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Old 10-17-2001, 07:56 PM   #9
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:o:
At work today and I noticed another thing that I forgot! It is so much easier when it is right in front of you staring you in the face.
Remove the ignition module and coil pack assembly.

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Old 10-18-2001, 11:30 AM   #10
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I'd lean toward a tranny weight of 65 to 75 pounds. I hang out at the gym quite a bit and the tranny feels heavier than a 45 pound plate. Plus, it's a little awkward to handle, so that makes it a little more difficult to judge. It's a little lighter than the O2A tranny in my VW. I dropped that one on my chest while laying under the car--kind of a 2 person job that I decided to try by myself--stupid.

Speaking of weights of stuff--I was shocked at how light the bare engine block was. I was all geared up to lift the block off the engine stand and it ended up being about 50 or 60 pounds! Aluminum--crazy stuff!

Hasta,
-Newt

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Old 10-18-2001, 11:44 AM   #11
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haha i did it the hard way when i did my tranny swap. oh well it worked out fine. it really was pretty simple, we were going to do it the axle way but they were really a pain to take apart the whole hub assembly area. we just litereally unbolted the coilovers from the top, the steering stuff, and the cradle bolts and mounts, and dropped the whole ****ed thing! we supported the engine by makeing a mount out of 2x4's and some straps.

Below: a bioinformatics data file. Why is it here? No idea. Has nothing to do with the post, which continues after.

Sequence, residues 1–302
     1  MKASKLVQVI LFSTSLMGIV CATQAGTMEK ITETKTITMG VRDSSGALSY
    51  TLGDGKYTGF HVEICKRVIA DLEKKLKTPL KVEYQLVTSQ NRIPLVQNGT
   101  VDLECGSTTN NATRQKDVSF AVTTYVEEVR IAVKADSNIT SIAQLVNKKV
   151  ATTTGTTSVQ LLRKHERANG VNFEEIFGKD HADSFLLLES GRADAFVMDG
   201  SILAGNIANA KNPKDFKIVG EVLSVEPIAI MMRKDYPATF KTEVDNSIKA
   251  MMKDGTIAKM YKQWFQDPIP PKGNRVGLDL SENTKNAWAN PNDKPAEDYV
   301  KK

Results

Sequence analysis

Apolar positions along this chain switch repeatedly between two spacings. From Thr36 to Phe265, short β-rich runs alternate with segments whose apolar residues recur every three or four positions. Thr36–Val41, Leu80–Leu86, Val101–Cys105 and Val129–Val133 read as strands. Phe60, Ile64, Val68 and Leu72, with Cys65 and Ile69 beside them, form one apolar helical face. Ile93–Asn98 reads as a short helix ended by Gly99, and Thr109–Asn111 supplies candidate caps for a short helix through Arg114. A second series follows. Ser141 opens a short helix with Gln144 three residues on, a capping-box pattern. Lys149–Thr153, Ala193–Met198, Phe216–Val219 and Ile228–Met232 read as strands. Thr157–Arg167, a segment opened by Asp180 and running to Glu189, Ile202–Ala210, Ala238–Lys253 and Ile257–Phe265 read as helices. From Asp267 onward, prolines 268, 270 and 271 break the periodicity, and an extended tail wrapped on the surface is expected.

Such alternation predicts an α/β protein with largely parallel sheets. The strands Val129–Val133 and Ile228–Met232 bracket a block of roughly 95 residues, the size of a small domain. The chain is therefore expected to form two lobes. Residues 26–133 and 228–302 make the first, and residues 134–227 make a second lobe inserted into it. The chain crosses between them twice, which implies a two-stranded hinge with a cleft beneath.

the clutch is very easy to get at when there is no trans there . getting the splines to line up when putting it back in was kinda a pain though.

ian

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Old 10-18-2001, 12:06 PM   #12
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Speaking of lining up the clutch disc--looks like SPS is now selling the plastic alingment tool for a few bucks. I ordered it and it felt a little sloppy to me (I think it'll work just fine--the tool that came with my Neuspeed clutch for the VW felt the same way). So, I measured the inside diameter of the splines on the hub of the clutch disc and also the O.D. on the input shaft and made my own on the lathe. Suh-weeet!

If anyone is interested in making their own, it's merely a cylinder and it's dimensions are:

Dia: 0.830" +0.005, -0.010"
Length: 4.0" +/- 0.5" (not tto critical--just make sure it's a 1/2" long)

You could maybe use a 13/16" diameter rod of anything to do the job as well, but at 0.8125", it will be a little sloppy--more like the plastic ones.

I turned a 120 degree lead-in on the end cuz it looked like it would mate nicely with the drilled hole in the end of the crank. I don't think it's necessary, though. The plastic ones that you buy don't have the taper on the end, so...

So, if you know a machinist, throw him a six pack of old Mil and give him the numbers!

-Newt

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Old 09-01-2005, 09:46 AM   #13
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Default Re: Clutch Replacement w/o engine removal?

Found this thread while looking for tranny weight.
The tool I've used on the older cars is the shaft from a junked tranny of the same type, dont see a reason it wouldnt work on the new ones.

...
97 SW, 96 DOHC, 91 trans, 99 ECU
Is finally running